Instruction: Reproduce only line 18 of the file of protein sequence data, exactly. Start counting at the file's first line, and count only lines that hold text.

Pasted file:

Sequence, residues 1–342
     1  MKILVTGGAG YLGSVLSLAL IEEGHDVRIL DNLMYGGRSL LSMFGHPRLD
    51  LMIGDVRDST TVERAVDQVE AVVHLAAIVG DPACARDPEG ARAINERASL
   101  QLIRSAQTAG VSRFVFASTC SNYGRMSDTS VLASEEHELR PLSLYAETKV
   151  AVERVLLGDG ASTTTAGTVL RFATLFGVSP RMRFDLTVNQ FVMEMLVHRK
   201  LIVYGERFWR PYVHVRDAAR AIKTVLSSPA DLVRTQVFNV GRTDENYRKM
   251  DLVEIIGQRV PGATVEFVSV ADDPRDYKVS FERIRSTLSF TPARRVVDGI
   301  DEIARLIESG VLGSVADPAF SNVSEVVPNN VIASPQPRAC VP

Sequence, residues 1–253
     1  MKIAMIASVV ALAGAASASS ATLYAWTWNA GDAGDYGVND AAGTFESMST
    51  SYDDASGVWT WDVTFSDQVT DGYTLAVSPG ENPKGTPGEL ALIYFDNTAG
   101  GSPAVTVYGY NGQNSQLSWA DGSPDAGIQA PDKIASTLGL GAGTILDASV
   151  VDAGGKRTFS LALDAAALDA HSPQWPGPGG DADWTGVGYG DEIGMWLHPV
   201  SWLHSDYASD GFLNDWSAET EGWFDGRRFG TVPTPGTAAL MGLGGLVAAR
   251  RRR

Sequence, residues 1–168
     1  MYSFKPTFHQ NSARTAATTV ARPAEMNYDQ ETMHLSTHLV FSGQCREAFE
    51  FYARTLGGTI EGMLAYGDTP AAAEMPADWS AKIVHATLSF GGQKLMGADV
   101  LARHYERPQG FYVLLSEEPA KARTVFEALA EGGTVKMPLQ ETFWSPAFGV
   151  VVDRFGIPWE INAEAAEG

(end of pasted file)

    51  FYARTLGGTI EGMLAYGDTP AAAEMPADWS AKIVHATLSF GGQKLMGADV